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Utley’s Knee Pain Leads Phillies to Seek Additional Opinions

Chase Utley’s injured knee failed to respond to a cortisone shot, leading the Philadelphia Phillies to seek additional opinions on treatment for the All-Star second baseman.

Utley, who hasn’t played during spring training, has a history of mild patellar tendinitis and chondromalacia in his knee that returned during offseason workouts, the Phillies’ team physician, Michael Ciccotti, said today in an e-mailed statement.

“When he reported to spring training this year, his knee was treated as it had been in the past, however his symptoms continued,” Ciccotti said. “His chondromalacia symptoms persisted in spite of focused non-operative care, including a cortisone injection.”

An MRI of the cartilage confirmed the initial diagnosis,” the doctor added. He said Utley will continue to receive non-operative treatment while additional opinions are sought.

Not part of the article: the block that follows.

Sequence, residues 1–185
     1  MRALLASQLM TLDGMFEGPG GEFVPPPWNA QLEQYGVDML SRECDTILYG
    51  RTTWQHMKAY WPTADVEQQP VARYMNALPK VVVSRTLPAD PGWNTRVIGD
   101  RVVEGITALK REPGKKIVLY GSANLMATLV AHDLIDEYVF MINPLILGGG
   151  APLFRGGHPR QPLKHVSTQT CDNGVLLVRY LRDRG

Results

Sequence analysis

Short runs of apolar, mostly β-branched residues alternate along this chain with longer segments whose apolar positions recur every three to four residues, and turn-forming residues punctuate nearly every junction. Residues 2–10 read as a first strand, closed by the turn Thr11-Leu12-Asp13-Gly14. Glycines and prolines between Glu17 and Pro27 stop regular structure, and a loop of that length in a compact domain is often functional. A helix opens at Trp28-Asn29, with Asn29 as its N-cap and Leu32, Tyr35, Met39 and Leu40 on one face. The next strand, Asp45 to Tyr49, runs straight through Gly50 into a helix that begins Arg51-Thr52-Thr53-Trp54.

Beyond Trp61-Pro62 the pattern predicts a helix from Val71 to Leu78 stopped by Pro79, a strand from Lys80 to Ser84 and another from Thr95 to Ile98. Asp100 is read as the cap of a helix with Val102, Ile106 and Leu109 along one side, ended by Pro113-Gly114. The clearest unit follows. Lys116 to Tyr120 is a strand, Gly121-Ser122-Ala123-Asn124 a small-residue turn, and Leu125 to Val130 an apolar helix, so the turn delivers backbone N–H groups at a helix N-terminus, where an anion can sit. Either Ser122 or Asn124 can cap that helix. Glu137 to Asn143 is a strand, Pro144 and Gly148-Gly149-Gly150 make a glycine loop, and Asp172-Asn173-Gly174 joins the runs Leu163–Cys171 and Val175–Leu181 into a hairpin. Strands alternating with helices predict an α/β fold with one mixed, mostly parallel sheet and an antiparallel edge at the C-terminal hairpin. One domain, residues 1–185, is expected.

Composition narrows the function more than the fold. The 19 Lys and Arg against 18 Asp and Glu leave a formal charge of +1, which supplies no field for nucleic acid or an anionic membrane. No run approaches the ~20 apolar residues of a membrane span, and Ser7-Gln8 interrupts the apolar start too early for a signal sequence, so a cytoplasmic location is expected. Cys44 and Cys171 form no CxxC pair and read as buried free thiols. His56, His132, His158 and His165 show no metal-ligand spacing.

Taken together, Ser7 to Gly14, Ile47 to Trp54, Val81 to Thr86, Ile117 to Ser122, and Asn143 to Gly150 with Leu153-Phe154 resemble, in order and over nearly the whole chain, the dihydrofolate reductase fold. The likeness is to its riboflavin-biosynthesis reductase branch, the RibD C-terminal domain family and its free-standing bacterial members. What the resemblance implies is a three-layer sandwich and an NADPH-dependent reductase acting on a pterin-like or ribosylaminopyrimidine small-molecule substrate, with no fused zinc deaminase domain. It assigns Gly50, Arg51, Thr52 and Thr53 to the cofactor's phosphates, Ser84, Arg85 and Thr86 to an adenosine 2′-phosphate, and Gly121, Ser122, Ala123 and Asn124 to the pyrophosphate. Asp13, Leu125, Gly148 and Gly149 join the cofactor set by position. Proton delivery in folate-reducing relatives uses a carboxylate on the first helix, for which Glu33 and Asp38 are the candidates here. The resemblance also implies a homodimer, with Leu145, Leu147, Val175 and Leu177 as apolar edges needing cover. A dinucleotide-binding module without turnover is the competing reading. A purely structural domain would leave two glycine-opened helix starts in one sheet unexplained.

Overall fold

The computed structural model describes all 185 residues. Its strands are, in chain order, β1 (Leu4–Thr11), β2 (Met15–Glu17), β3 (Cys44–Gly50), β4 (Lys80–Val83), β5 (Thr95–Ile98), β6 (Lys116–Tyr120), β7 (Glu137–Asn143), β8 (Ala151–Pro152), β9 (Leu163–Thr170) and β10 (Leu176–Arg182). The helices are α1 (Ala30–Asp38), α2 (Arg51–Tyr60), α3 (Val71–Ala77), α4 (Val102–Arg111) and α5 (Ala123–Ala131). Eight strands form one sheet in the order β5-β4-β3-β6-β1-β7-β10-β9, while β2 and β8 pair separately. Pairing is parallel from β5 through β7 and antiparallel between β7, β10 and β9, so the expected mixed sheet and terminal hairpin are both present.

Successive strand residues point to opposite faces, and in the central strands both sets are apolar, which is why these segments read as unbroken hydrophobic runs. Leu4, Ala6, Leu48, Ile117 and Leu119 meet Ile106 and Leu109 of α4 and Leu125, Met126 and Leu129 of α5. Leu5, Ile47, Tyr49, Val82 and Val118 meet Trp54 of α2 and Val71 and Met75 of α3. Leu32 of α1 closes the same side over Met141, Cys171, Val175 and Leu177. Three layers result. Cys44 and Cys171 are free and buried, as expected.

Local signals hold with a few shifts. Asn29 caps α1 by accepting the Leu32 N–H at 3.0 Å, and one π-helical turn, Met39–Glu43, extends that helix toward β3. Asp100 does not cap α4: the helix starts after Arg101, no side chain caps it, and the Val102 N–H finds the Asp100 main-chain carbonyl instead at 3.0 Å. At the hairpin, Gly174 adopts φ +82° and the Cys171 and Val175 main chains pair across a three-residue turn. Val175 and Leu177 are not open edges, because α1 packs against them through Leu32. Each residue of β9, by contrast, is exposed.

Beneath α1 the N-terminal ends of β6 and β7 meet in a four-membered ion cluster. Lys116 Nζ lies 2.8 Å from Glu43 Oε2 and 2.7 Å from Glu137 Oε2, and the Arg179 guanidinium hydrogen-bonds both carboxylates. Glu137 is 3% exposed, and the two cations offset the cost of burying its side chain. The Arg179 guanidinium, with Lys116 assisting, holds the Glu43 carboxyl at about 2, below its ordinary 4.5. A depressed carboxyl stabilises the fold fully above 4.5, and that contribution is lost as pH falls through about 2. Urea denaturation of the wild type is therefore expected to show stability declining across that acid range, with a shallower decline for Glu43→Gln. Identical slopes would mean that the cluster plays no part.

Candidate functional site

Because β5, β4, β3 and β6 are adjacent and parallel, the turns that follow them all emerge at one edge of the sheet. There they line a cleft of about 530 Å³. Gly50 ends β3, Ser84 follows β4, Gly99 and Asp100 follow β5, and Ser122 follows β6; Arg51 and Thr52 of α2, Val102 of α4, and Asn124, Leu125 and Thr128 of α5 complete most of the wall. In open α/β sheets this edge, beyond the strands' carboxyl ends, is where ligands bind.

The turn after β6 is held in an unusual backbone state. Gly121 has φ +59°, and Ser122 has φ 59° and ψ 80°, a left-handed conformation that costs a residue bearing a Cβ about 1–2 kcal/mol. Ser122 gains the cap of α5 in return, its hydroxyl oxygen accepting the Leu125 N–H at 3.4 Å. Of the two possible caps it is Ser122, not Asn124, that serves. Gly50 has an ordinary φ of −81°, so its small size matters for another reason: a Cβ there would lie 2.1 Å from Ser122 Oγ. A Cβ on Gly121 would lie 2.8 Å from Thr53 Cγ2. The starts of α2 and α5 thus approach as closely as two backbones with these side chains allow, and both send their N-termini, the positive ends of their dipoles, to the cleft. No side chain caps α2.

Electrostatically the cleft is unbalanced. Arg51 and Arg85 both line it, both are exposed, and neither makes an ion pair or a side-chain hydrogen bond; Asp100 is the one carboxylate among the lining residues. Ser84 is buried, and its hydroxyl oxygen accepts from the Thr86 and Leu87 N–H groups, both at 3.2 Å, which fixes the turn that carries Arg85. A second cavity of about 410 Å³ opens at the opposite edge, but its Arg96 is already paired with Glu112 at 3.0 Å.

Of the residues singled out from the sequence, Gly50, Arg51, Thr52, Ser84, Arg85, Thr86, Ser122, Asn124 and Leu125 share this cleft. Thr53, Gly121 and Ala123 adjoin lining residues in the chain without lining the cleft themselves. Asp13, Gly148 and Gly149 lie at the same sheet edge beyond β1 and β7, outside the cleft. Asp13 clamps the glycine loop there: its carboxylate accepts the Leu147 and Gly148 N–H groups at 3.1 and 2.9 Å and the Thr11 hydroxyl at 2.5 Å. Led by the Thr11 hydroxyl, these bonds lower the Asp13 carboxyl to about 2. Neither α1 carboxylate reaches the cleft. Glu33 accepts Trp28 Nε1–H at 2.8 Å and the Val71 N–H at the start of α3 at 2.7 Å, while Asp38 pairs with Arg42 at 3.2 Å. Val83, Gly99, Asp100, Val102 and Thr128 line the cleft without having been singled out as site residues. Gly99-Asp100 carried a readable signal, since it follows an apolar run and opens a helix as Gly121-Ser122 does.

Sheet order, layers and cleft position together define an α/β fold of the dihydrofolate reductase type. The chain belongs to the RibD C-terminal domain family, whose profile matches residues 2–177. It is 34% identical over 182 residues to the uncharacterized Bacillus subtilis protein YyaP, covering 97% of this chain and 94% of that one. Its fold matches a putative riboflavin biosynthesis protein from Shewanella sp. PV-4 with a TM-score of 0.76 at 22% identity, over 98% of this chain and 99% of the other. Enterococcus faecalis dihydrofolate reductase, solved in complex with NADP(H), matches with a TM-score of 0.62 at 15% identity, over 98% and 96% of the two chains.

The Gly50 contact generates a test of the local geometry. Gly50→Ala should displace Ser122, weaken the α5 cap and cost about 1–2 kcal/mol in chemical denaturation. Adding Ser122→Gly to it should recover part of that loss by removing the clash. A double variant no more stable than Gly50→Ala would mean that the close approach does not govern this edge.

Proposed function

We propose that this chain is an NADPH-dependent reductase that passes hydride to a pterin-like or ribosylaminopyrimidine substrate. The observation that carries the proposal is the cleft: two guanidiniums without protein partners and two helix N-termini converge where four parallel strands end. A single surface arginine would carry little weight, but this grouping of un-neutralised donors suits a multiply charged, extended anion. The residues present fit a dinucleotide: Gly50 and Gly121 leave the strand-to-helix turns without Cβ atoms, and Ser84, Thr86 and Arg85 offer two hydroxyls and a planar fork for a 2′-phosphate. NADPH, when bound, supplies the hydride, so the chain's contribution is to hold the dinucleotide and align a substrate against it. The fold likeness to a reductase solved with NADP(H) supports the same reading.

Chondromalacia, commonly known as “runner’s knee,” is a general term indicating damage to the cartilage under the kneecap, according to the Mayo Clinic’s website.

Utley, 32, has been an All-Star each of the last five seasons. He’s a career .293 hitter with 177 home runs and 650 runs batted in during his eight-year Major League Baseball career, all with the Phillies.

Utley played in 115 games last season, missing 43 straight contests after injuring his thumb. He also played through hip pain during the 2008 season as the Phillies won the World Series, and had surgery during the offseason.

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